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Re: Extinction once again



> > Yet the extinction was global.
> 
> Lest we take news reports too literally, we should remind ourselves that
> extinction is only recorded in one location!

Everywhere outside Montana, Alberta etc., all those animals and plants
survived? :->

> > 4. Lots of terrestrial egg-laying vertebrates survived (turtles, crocs,
> > lizards/snakes, tuataras, monotremes...)...
> 
> They are mostly very small and can hide their nests in a greater variety
> of places.  Crocs are totally dependent on wetlands, though.

Just what I say!

> > 5. Marsupials, for example, were severely hit. How come?
> 
> Their extinctions are timed to placental radiation at the K/T.  So
> replacement is a thoroughly respectable hypothesis for this.

Nope. Do you know how old the youngest recorded marsupials here in Austria
are? 17 million years. In the Miocene we still had possums, and AFAIK the
cause for their extinction is totally unknown. North America has a similar
pattern AFAIK, and marsupials have got into Africa sometime in the Tertiary. The
pattern of South America, where marsupials and placentals immigrated together
sometime around the K/T, is probably known to most list members -- the
placentals were all ungulates* and stayed herbivores, while the marsupials 
evolved
insectivores and carnivores. (Later arriving rodents, monkeys and procyonids
[racoon etc.] filled niches that were previously empty.) Sometime around the
Great American Interchange (or before? or after?) the South American ungulates
died out, as did the marsupial carnivores and the sebecid crocs, while the
opossums migrated north and still continue to do so.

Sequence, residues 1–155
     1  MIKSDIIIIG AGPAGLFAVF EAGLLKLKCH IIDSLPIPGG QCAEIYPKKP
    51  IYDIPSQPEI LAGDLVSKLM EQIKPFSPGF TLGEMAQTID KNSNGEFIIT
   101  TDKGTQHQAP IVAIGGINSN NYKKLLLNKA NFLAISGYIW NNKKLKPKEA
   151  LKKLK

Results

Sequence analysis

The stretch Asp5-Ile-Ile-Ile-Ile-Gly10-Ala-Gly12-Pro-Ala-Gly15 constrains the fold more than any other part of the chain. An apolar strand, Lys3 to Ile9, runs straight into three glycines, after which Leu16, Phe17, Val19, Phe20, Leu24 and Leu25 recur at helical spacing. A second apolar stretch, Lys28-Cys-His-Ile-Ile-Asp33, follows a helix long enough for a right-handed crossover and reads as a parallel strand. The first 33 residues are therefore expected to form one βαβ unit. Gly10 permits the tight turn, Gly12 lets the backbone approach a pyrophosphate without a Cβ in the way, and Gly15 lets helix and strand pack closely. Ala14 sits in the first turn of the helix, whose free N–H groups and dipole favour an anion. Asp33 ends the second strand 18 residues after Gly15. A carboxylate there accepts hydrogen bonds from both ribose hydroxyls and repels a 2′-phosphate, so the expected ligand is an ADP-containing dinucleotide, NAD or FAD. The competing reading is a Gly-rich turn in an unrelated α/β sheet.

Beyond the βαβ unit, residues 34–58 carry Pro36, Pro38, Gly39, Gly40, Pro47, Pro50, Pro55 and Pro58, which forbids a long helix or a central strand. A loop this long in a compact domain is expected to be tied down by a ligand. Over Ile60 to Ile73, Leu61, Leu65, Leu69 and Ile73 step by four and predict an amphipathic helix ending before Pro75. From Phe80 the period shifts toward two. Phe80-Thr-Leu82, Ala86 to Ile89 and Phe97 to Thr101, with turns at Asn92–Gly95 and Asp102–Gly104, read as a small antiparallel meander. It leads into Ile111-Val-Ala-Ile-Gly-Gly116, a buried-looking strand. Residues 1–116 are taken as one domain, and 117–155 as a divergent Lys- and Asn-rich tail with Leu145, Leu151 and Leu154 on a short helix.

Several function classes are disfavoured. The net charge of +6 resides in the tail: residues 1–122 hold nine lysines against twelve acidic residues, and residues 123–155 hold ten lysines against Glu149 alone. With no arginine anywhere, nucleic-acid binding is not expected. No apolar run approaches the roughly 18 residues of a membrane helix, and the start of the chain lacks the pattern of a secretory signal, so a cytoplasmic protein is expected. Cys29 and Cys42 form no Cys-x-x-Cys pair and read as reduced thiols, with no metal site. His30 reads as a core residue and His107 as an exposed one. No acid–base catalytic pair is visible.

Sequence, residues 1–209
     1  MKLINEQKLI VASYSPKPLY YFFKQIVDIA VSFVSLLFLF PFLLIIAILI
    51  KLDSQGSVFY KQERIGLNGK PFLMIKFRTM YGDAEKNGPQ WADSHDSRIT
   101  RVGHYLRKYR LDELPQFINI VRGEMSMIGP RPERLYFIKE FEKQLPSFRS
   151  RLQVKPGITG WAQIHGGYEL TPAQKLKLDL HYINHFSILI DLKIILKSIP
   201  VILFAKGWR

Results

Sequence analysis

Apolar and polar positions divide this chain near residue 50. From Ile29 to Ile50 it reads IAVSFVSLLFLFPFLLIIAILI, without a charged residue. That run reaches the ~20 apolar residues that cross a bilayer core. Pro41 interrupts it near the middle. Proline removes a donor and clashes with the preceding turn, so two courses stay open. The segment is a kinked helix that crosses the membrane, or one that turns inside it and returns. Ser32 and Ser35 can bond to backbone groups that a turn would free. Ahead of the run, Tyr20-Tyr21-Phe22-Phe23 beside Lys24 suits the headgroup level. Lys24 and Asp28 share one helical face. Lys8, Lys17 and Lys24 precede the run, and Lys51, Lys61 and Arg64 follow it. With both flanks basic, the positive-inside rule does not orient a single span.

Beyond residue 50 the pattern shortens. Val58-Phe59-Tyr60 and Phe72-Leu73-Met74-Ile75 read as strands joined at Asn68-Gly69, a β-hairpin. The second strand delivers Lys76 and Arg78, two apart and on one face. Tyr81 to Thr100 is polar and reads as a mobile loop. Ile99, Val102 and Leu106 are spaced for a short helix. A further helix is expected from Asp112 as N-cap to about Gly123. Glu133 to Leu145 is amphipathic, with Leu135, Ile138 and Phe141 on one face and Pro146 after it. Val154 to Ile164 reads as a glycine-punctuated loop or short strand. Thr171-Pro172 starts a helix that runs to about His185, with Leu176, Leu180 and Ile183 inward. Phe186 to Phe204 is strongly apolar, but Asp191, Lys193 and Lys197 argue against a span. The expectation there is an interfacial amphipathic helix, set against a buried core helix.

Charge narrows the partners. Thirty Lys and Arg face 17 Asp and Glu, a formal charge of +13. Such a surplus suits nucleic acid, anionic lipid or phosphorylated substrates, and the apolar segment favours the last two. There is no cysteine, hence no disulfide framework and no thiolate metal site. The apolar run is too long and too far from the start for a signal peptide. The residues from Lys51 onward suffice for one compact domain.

*Xenarthrans = edentates = "paratheres" may have been present in South
America during the Late Cretaceous AFAIK; there is one from Paleocene China and 
an
anteater (Eurotamandua) from Eocene Germany.

Possible ungulate teeth from Eocene Australia are known.

The phorusracids, the third group of top carnivores of Tertiary South
America, migrated northwards and survived well into the Pleistocene in both 
North
and South America, when they succumbed to the end-Ice Age megafaunal
extinctions which were probably caused by the immigration of humans. (Same for 
ground
sloths.)

In short, I'd be very, very, very careful to suggest competition as cause
for extinctions (which does occur, it just seems to be rarer than thought), let
alone mass extinctions.

> Why wouldn't
> diverse creatures have diverse reasons for their disappearance--

Perfectly good argument, but not if, as at the K-T boundary, _large clades_
died out _around the globe_ _in nearly all ecosystems_ _at the same time_!!!

> > 6. Plankton (and all animals with planktonic larvae) was severely hit,
> which
> > is not easy to explain with a regression.
> 
> Not yet timed to terrestrial extinctions.

May I suspect that your references are _terribly_ outdated (10 years old or
more)? One and the same iridium-enriched clay layer is found around the world
(even at least 2 outcrops in Austria) in/on all kinds of sediments,
terrestrial, marine, whatever, on continents, in deep-sea drill cores... It has
become the definition for the K-T boundary! A millimeter-sized scrap of a
meteorite has been found in this layer in the Pacific.

One last word, er, paragraph :-] on the speed of that extinction:
www.dinosauria.com mentions somewhere that 80 % of all pollen in Montana died 
out
within _2 CENTIMETERS_ (not 200, not 20, two) below the K-T boundary, and we can
easily make the Signor-Lipps effect responsible for the 2 instead of 0
centimeters B-) . The most recent count of dinosaur fossils there (1999 AFAIK)
yields similar results, plus the *Triceratops* skull 1.8 m below the boundary,
which only confirms what the hadrosaur tracks _37 centimeters_ below it suggest.

Congratulations to HP Ken Kinman for his post on this subject!

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